For best results when attempting to reach ketosis, it is essential to define clear health and fitness goals ahead of time and seek reliable information from a qualified professional such as a registered dietitian or doctor.

With some patience and dedication to following an adequately developed nutrition and exercise strategy, it is possible to enter ketosis safely and benefit in the long term.

My name is Barbara Kovalenko. I hold a Bachelor's degree in Human Nutrition from Bogomolets National Medical University in Ukraine and a Master's degree from Boston University in the United States. Over the past few years, I have gained valuable experience as a nutritionist and have since decided to share my knowledge and expertise with a wider audience. Currently, I am working as a nutritional consultant with the Lasta app.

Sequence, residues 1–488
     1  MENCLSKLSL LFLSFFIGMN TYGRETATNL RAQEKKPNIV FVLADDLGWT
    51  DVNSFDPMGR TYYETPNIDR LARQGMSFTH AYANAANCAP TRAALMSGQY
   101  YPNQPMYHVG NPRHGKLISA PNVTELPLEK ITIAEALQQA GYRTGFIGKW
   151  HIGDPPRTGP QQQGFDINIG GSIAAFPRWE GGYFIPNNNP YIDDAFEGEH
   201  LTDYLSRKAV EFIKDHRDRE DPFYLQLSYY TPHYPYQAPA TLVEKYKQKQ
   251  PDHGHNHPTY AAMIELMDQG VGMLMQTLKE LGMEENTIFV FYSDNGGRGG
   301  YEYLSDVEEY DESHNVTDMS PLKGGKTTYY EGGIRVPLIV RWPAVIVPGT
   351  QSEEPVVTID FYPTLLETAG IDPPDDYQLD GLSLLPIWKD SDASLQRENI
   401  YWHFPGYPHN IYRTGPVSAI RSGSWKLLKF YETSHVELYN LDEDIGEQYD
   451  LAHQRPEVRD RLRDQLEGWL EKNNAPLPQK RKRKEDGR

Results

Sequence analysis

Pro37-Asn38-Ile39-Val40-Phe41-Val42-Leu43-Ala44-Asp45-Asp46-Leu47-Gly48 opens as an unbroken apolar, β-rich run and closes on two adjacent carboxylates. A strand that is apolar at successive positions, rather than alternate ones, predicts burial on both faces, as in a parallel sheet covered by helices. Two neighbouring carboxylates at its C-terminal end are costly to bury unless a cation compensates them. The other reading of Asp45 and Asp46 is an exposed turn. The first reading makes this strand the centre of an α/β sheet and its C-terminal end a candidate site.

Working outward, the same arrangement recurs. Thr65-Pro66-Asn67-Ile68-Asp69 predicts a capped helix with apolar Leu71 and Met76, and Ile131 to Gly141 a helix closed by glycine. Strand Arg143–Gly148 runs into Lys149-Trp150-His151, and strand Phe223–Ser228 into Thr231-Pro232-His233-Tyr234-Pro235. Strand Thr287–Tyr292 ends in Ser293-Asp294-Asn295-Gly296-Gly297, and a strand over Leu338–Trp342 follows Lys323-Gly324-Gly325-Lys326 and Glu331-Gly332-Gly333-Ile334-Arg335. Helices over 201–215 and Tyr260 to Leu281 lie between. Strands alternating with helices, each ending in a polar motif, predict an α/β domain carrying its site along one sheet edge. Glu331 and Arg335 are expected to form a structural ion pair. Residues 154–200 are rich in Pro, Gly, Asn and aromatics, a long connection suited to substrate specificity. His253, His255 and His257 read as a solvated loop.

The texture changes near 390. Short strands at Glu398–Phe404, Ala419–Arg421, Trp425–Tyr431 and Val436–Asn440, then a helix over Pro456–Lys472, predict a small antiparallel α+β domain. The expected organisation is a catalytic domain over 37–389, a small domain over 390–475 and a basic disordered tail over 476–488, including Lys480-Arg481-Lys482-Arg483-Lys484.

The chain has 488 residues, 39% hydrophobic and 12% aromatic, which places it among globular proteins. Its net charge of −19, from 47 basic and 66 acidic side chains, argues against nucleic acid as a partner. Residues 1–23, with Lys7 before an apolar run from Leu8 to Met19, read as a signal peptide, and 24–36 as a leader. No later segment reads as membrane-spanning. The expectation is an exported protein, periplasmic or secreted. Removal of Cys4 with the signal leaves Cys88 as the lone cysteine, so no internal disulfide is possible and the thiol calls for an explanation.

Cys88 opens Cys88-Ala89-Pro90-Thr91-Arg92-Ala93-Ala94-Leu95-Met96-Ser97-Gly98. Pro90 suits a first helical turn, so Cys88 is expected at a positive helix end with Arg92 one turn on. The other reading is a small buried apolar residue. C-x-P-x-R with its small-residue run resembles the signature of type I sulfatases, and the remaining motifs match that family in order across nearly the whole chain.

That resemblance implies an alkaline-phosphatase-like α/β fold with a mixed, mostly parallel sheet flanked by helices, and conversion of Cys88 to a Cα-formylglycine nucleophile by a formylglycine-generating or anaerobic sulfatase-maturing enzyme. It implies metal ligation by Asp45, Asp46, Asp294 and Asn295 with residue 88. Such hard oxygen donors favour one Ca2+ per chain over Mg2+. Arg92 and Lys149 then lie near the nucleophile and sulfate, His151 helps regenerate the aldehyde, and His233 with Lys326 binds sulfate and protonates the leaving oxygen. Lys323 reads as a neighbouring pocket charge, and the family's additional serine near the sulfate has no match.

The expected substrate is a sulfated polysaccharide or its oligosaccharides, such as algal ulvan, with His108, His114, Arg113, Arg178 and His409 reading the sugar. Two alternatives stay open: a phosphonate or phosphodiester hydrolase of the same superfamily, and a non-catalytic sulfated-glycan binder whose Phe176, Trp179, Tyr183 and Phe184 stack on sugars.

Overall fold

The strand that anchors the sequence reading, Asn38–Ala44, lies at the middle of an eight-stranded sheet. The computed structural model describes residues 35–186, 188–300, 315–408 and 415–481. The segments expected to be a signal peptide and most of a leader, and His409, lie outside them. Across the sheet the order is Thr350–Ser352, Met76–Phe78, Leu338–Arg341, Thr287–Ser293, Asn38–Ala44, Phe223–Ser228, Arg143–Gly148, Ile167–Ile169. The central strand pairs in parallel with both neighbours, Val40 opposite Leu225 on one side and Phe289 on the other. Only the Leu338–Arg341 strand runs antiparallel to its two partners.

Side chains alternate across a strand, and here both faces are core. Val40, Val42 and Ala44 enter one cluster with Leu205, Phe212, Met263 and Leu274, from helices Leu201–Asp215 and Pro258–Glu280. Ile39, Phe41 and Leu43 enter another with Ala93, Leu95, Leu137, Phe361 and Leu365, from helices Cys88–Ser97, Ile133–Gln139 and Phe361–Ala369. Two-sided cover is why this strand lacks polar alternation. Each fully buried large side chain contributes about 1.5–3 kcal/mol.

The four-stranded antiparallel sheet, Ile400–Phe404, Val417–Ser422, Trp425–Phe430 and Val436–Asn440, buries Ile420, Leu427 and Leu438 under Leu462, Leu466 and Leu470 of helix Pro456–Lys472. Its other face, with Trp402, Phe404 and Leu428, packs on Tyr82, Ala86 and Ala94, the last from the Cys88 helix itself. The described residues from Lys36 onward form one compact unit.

Weight Management Registered Dietitian, Health & Nutrition Writer, and Nutrition Consultant for Cardiometabolic Conditions. Renae is a Registered Dietitian with over 20 years of experience in the health and wellness industry. She counsels clients and develops nutrition plans addressing specific needs and goals. In addition, she is a health and nutrition writer and nutrition consultant for cardiometabolic conditions. A whole foods approach focusing on simplicity is her core nutrition philosophy. Renae graduated from the University of Michigan with a degree in Communications and completed the Didactic Program in Dietetics and Dietetic Internship at Loyola University Chicago.